Sunday, July 14, 2013

There is but little to report. And it's Sunday, so time presses. I’m halfway down the foot of the 2nd Mind the Gap sock – another couple of sessions should polish it off. I love the way a sock is virtually finished, when you finish it.

So we’ll have to make do with some random thoughts.

1) Your comment the other day, Mary Lou, sounds rather as if I recommend Tiger in the Smoke and Put Out More Flags here every 18 months or so. No great harm done, if that is true. (The link is to a most useful tutorial on setting in sleeves.)

But here’s one I hope will be brand new to many: Diana Cooper’s three-volume autobiography, beginning with “The Rainbow Comes and Goes”. She was the daughter of the Duke of Rutland, famous for her beauty and wit. Indeed, I need tell you no more than that she is the acknowledged model for Evelyn Waugh’s Mrs. Stitch.

She came out as a debutante before the Great War. She knew all those famous young men who perished – Patrick Shaw Stewart, Edward Horner, and so on.  She lived a long time, and by the end of Volume Three is in the post-World-War-II world we all inhabit. And she writes extremely well.

We spoke the other day, at least I did, of fishing for compliments. Diana Cooper loved them in youth (don’t we all, throughout life?) and referred to them as “dewdrops”. Having remembered that, I took the book from the shelf to find the passage.

2) We learn that the gov’t is to abandon the “Liverpool Care Pathway”, the highroad to death. If ever there were an example of an unfortunate name, that is it. The actual protocol sounds exactly the same as the way my sister-in-law C. was treated in the last days of her life at the Marie Curie Hospice in south Edinburgh. It depends on skilled and attentive and sympathetic nursing, such as she had. I could ask no more than to have such a death.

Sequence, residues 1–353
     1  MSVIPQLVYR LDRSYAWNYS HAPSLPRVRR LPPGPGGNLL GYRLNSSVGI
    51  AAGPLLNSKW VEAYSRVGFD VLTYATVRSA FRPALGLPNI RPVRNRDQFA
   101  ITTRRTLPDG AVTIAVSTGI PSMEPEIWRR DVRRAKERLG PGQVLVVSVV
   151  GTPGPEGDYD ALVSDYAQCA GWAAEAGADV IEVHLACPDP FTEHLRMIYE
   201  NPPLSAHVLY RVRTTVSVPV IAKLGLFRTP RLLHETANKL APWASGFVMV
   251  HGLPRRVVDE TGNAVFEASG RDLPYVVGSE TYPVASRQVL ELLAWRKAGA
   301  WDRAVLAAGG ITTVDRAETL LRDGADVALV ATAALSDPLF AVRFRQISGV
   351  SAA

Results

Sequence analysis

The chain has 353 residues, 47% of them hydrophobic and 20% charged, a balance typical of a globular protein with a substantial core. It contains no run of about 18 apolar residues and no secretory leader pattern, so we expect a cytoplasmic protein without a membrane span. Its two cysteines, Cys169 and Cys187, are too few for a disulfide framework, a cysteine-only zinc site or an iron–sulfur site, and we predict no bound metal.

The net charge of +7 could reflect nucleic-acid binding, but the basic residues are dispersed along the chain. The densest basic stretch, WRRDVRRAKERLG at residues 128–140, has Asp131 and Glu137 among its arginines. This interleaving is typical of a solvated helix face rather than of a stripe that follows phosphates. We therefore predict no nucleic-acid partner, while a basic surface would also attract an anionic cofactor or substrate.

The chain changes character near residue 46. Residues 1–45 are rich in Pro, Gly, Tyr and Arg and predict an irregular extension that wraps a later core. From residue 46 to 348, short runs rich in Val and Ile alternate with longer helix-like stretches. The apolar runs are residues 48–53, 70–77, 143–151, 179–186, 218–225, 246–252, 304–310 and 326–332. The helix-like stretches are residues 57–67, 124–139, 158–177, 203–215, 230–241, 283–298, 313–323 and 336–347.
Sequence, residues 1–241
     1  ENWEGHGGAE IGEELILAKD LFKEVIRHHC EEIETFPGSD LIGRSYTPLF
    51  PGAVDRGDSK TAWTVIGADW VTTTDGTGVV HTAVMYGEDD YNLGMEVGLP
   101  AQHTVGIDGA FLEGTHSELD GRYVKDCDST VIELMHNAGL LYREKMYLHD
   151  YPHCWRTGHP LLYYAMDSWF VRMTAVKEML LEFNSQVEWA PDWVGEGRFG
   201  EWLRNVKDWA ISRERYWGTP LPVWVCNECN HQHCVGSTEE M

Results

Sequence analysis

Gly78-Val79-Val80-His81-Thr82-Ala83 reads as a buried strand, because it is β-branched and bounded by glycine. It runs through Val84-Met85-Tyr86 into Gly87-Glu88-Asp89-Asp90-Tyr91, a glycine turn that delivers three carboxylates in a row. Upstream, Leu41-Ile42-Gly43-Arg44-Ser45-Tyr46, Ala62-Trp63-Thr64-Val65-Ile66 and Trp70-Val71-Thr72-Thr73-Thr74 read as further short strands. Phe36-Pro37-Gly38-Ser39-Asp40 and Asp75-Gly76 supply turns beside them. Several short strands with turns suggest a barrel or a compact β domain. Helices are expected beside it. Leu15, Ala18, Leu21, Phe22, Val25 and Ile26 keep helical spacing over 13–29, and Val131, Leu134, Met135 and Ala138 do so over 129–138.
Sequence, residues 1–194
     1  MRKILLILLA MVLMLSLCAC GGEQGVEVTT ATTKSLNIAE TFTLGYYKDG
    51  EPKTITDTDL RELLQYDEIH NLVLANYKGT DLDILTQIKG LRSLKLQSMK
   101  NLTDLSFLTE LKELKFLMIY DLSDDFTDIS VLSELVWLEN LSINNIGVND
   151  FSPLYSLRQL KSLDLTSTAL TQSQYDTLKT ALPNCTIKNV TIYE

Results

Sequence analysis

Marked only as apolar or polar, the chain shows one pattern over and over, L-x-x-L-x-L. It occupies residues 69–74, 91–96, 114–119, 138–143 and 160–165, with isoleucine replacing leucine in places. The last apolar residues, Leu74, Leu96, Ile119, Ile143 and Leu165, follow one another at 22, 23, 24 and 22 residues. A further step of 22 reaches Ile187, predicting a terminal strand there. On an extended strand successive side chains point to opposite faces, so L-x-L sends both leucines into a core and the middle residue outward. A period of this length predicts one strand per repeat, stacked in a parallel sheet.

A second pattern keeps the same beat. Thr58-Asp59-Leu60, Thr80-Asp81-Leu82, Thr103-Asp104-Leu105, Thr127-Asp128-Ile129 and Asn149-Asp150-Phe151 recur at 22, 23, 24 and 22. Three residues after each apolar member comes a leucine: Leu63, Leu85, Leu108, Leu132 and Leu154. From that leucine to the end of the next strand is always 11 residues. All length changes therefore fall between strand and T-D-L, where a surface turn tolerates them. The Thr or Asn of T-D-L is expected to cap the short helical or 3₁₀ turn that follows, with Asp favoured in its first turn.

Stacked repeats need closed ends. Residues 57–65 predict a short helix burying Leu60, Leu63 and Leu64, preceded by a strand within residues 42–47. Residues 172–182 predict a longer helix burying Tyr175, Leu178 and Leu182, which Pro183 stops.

Marks& Spencer, I read somewhere once, doubled the sale of its Leek & Potato soup when they stopped calling it Vichyssoise. I think our favourite soap opera of all time, El Dorado, might have survived if better named – it sounded like foreign muck, to the people who dislike foreign muck. 


  1. Hardly every 18 mints. Once before, maybe. And it seems a long time since I read them, anyway. Diana Cooper's book sounds like for for the list.

  2. Just reading "Put Out More Flags", following your suggestion. Very sharply written indeed.
    I wonder what one could call the withdrawal of any intervention to make it seem less sinister. Euphemisms soon become worse than the blunt facts. "Letting nature take its course" might suggest "The Natural Course", perhaps.

  3. KarenE10:44 AM

    For cancer it is called palliative care, which is accurate and succinct. Why shouldn't we educate rather than work with an increasingly restrictive vocabulary?

  4. Anonymous10:56 AM

    Agreed wholeheartedly KarenE